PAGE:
As shown in FIG. 5, the introducer 34 is now disengaged from the supply tube and snap-fit engaged with catheter 12 which has an end groove 66 (similar to groove 62 in supply tube 58 in FIG. 4). The coil-delivery device assembly, as depicted in FIG. 5, may be advanced in the direction of the catheter's 12 distal end, ultimately until the attached coil is discharged from the distal end of the catheter, where the coil assumes its convoluted, vaso-occluding condition. The delivery device may be further manipulated at this stage, until the coil is optimally positioned at the target site. When this positioning is achieved, the wire (30 in FIG. 2A) in the device 20 is extended to extend the braided sock in its small-diameter condition, allowing the coil 64 to released from the delivery device 20 by retracting the braided sock, e.g., into the catheter.
The coil-delivery device 20 is then withdrawn from the catheter 12 and a new coil may be (i) transferred from its supply tube to the introducer, (ii) transferred from the introducer to catheter, and (iii) released from the wavy segment at a selected position at the target site, as described above. This reloading and new coil placement at the target site is repeated unto a desired number of coils have been placed at the site.
From the foregoing, it will be appreciated how various objects and features of the invention have been met. The delivery device allows a coil, e.g., supplied in a supply tube, to be releasably engaged by inserting the braided sock in the device into the supply tube until the sock is inserted into an end region of the coil's inner lumen, and retracting the device wire to produce a compressional engagement of the device with the coil. Once releasably attached to device, the coil can be positively manipulated into and through a catheter and released at a selected vascular site, simply by retracting the wire in the device. This allows for simple reloading and release of multiple coils during a coil vaso-occlusion procedure.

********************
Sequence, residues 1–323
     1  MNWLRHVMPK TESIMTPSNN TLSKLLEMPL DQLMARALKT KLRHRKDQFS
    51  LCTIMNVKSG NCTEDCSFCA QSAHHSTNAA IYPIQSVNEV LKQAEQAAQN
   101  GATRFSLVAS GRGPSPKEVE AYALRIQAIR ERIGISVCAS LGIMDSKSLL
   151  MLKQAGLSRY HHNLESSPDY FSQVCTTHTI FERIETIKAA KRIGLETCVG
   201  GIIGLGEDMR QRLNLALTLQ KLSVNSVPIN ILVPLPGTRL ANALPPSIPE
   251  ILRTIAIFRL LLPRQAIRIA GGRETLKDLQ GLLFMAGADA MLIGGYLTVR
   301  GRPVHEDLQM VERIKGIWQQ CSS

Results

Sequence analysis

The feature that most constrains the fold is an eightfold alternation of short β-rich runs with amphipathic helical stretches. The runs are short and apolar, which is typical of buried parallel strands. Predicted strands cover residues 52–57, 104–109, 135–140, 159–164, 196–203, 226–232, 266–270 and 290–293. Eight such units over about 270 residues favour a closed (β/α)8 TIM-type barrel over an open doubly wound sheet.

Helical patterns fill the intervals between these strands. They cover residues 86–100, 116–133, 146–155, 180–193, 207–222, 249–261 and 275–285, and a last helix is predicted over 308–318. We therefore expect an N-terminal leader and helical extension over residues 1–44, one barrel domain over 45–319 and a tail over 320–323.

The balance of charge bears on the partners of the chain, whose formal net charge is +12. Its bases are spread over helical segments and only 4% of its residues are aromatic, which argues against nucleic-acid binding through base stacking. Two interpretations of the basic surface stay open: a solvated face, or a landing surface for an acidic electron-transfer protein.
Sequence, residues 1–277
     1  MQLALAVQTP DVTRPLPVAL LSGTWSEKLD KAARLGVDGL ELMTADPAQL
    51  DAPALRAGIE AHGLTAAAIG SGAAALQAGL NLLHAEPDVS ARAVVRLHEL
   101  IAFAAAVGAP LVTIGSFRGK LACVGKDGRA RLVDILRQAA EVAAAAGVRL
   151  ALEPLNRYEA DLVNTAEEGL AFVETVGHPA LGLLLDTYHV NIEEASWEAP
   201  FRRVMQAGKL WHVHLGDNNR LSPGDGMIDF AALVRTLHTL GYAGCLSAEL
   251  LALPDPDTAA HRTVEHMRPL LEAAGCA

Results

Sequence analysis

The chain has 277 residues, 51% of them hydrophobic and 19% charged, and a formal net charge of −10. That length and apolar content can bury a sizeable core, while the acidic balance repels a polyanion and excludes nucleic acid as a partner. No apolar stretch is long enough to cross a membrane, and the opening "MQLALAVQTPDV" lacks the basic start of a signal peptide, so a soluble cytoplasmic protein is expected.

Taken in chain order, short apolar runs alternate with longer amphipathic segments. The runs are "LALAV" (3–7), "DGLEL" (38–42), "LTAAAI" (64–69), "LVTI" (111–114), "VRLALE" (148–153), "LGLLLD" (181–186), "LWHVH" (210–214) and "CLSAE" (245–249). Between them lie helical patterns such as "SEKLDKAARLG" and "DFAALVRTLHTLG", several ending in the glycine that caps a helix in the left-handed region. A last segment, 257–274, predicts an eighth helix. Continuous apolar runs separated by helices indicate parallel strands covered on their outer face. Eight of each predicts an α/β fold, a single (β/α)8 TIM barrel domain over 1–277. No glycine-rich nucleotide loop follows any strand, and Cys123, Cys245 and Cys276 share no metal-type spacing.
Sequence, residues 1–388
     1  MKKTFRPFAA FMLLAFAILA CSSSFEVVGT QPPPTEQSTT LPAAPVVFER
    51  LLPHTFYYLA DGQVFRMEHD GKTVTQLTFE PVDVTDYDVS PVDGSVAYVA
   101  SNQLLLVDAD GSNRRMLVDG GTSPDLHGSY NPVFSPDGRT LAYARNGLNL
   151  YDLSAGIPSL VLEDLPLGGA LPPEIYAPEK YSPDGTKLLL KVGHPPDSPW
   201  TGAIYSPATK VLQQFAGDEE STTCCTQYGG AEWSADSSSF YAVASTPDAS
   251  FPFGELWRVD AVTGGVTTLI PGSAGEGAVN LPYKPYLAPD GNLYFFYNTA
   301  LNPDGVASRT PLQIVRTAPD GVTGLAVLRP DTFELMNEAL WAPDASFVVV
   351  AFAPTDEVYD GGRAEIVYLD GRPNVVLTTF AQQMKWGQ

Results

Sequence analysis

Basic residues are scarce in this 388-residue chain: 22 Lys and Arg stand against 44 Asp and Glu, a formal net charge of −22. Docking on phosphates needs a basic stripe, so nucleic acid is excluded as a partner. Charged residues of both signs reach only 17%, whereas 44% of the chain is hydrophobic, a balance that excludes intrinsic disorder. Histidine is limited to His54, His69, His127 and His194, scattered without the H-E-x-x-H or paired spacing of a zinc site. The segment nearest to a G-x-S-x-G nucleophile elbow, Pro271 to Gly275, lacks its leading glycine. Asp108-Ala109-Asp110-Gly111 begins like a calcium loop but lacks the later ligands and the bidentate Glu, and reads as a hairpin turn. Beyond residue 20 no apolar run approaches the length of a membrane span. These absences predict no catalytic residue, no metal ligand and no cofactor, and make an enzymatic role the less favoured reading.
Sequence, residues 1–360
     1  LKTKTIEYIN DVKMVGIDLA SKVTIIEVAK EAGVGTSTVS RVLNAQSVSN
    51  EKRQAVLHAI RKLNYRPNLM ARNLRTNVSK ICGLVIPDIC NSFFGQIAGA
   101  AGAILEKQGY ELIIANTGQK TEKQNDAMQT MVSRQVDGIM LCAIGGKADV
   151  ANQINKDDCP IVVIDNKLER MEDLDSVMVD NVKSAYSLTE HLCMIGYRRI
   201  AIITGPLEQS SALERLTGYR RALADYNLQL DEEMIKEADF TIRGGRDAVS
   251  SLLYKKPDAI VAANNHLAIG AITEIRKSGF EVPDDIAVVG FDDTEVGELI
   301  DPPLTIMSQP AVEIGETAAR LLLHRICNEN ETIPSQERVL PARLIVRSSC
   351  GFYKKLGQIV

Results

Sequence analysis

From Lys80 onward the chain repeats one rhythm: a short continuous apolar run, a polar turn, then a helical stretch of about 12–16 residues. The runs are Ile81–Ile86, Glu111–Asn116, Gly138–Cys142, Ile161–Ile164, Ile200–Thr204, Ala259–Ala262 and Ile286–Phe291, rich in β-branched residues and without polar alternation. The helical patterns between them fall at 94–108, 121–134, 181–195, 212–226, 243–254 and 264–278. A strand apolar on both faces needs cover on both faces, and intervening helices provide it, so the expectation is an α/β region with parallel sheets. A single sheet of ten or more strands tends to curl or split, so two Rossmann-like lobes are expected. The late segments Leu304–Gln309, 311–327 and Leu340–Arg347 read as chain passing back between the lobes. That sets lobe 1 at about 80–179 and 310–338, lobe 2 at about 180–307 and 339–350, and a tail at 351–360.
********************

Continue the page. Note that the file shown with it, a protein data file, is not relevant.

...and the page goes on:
Further, the engagement structure in the device, e.g., a braided sock, is adapted to compressionally engage coils having a variety of different lumen sizes, and thus the physician can select a range of coil sizes to be placed without replacing any of the assembly components.
While this invention has been described in reference to illustrative embodiments, this description is not intended to be construed in a limiting sense. Various modifications and combinations of the illustrative embodiments, as well as other embodiments of the invention, will be apparent to persons skilled in the art upon reference to the description. It is therefore intended that the appended claims encompass any such modifications or embodiments.
|Cited Patent||Filing date||Publication date||Applicant||Title|
|US3834394||Feb 23, 1972||Sep 10, 1974||J Hunter||Occlusion device and method and apparatus for inserting the same|
|US3868956||Jun 5, 1972||Mar 4, 1975||Ralph J Alfidi||Vessel implantable appliance and method of implanting it|
|US4650466 *||Nov 1, 1985||Mar 17, 1987||Angiobrade Partners||Angioplasty device|
|US5109867||Apr 19, 1991||May 5, 1992||Target Therapeutics||Extendable guidewire assembly|